VOTE WILL DETERMINE FUNDING

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LA QUINTA, CALIF. — On March 26, professor William Clarke expects to learn if his two-year effort to build an ambitious mold-making curriculum at one Southern California high school will get the money it needs to proceed.

Officials of Fontana School District in eastern Los Angeles are to vote Wednesday at what one interested observer — D-M-E Co. regional sales manager Scott Whisler — terms a ``make-or-break meeting.''

What is at stake is a California Partnership Academy Planning Grant — seed money to establish an Applied Technology Academy. Whisler said such academies already exist for other disciplines, but he believes this would be the first ATA for a manual trade like mold making.

The blueprint calls for creating a four-year program at Fontana High School that would focus on machine tool technology or computer-aided design and manufacturing. It would mix the disciplines of science, math and English with computer and machine-shop training in the educational equivalent of a manufacturing cell.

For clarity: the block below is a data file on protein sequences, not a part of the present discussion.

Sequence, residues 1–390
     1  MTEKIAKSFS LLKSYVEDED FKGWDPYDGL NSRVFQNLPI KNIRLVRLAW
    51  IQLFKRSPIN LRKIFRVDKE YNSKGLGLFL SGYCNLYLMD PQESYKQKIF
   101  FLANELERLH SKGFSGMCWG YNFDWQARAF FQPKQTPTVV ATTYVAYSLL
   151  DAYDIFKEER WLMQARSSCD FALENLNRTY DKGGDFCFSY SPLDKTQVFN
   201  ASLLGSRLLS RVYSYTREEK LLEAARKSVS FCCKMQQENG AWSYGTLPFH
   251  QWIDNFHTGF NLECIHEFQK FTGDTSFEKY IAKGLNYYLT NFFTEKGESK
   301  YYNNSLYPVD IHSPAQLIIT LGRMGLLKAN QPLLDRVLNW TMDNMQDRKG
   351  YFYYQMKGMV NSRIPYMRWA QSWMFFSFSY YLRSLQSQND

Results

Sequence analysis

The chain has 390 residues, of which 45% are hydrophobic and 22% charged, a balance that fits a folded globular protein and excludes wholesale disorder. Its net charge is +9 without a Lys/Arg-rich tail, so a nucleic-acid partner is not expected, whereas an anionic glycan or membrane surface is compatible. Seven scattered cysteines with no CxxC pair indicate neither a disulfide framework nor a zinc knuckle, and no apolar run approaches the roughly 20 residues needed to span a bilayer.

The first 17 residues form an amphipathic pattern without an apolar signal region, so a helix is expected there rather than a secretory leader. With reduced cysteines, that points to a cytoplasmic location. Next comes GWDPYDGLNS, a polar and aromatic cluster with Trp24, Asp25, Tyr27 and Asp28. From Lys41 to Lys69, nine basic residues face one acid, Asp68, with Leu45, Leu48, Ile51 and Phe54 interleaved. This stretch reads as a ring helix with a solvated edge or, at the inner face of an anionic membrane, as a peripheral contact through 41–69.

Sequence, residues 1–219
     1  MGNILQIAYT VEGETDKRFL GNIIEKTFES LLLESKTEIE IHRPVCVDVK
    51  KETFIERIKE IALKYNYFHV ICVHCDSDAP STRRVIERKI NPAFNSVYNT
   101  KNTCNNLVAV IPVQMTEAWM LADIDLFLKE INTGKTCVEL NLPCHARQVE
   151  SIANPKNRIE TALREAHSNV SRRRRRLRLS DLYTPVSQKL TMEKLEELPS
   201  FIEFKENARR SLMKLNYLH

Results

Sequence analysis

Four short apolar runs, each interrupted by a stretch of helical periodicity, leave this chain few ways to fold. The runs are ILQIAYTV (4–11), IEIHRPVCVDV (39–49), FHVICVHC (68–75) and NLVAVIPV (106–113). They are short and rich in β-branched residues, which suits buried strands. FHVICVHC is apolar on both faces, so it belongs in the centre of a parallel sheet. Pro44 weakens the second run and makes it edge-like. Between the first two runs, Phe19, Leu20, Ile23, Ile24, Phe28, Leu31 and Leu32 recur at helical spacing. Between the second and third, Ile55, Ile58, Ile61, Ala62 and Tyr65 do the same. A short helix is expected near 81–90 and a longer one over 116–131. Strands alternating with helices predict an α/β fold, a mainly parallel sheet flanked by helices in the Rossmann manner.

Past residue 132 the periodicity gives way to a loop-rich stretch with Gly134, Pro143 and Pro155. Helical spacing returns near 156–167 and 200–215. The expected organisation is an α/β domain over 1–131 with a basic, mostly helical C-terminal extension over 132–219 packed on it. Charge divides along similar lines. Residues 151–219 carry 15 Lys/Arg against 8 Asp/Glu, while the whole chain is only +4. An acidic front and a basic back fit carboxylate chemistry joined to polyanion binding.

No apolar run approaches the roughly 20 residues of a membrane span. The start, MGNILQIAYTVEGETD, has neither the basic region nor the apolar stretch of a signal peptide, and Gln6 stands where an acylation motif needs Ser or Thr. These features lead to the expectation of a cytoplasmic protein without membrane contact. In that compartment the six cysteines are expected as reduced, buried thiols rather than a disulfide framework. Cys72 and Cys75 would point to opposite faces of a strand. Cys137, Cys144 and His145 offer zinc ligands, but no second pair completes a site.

The ATA would select 30 high school freshmen to work alongside 20 honor-level students, to cross-fertilize skills and interests. Freshmen and sophomores would take basic courses, but with a focus on those most applicable to mold making and metalworking. Juniors in the program would participate in internship and mentoring programs, and seniors would receive on-site apprenticeship training in mold-making plants.

Whisler provided an update on the project at the recent SPI Molders & Moldmakers conference in La Quinta.

He explained that it calls for one teacher each for science, math, English and machine shop to be located near one another to facilitate interaction and help students apply what they learn to mold making in a practical, real-world approach.

``Everything is in place and ready to go,'' he said in a March 13 interview in La Quinta.

Now all that is needed is some money to put the plan into action. Clarke, now a professor at San Bernardino Valley College and its department head for manufacturing technology, could not be reached for comment prior to deadline. But, by all accounts, his fingers will be crossed March 26.

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